All of the elements of the comic way tend to spread to others, insinuating joy where it was previously absent. Conversation has a way of leaping among persons, as it does at parties and celebratory gatherings. Storytelling always begets storytelling. It is difficult to watch others at play without wanting to join them. This is not only a human phenomenon, for researchers have consistently noted that animals at play are often imitated by other animals. So wherever it is possible to initiate a playful activity, it will have a good chance of replicating itself through other parts of the system.
Joseph Rusling Meeker
You can put the camera in places where you may not necessarily be able to put it there if I don't do the stunt. If it's character and it's storytelling, then we do it. We design the things around me. I don't do it just to do a stunt. It's storytelling for me and how I can best bring the audience into the action, bring the audience into the story. And that's how we always look at at.
All writers struggle at some point with the problem of balance between authority and involvement, seduction and revelation. Specifically, beginning writers wonder how much description to employ, and more advanced writers ask how much plot is too much or too little. And there is no better place to find answers than in the Victoria's Secret catalogue-or in any ad for lingerie-where the arts of seduction and revelation are so successfully practiced. After all, the secret of the effective lingerie ad is the secret of effective storytelling-to provide, moment by moment, the illusion of imminent expose, to give the viewer (read: reader) the uncanny sense that something fundamentally compelling is always just about to be revealed. Lingerie ads and storytelling balance the veiled and the unveiled, the seen and the unseen, the shown and the about-to-be-shown. In short, it is the art of the tease, the craft of selective 'coverage, ' that, not just in lingerie but in storytelling, works to enthrall.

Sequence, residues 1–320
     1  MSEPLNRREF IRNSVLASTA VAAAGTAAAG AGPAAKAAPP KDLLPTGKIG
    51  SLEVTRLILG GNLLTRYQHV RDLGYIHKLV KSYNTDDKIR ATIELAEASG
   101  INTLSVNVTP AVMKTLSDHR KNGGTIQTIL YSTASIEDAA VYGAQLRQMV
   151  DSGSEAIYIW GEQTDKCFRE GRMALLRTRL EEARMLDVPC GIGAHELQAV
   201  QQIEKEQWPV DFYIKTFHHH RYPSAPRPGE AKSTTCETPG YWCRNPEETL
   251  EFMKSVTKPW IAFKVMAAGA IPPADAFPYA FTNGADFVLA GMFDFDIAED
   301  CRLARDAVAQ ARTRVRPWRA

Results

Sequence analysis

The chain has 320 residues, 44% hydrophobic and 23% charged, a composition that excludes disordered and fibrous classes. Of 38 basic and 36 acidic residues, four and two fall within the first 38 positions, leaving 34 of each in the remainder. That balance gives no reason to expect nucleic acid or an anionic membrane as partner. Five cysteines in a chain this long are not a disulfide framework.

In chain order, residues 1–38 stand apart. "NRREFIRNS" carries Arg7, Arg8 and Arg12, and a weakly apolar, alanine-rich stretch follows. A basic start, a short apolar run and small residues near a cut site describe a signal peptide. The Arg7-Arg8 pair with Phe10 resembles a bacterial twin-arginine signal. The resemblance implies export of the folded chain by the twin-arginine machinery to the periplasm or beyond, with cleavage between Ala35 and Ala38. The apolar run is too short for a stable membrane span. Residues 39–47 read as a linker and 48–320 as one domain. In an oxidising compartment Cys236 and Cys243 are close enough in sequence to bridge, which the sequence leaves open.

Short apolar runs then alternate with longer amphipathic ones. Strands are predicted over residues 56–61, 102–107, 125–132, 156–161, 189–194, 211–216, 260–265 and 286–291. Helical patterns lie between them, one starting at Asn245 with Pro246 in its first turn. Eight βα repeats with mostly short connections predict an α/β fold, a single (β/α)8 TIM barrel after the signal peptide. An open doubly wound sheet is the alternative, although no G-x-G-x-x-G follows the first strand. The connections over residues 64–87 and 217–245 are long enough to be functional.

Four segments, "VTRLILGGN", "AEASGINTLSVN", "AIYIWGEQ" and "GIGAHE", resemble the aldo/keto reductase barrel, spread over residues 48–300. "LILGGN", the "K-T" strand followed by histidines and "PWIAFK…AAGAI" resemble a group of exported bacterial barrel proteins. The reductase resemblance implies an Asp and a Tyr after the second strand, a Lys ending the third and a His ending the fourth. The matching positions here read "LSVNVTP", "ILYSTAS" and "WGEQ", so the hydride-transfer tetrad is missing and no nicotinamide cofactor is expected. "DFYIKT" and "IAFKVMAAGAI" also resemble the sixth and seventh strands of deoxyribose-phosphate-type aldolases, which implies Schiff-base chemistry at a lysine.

Storytelling, you know, has a real function. The process of the storytelling is itself a healing process, partly because you have someone there who is taking the time to tell you a story that has great meaning to them. They're taking the time to do this because your life could use some help, but they don't want to come over and just give advice. They want to give it to you in a form that becomes inseparable from your whole self. That's what stories do. Stories differ from advice in that, once you get them, they become a fabric of your whole soul. That is why they heal you.
The theory I'm putting forward here is that storytelling is a genetic characteristic in the sense that early human hunters who were able to organize events into stories were more successful than hunters who weren't""and this success translated directly into reproductive success. In other words, hunters who were storytellers tended to be better represented in the gene pool than hunters who weren't, which (incidentally) accounts for the fact that storytelling isn't just found here and there among human cultures, it's found universally.
Every morning brings us news of the globe, and yet we are poor in noteworthy stories. This is because no event comes to us without being already shot through with explanation. In other words, by now almost nothing that happens benefits storytelling; almost everything benefits information. Actually, it is half the art of storytelling to keep a story free from explanation as one reproduces it... The most extraordinary things, marvelous things, are related with the greatest accuracy, but the psychological connection of the event is not forced on the reader. It is left up to him to interpret things the way he understands them, and thus the narrative achieves an amplitude that information lacks.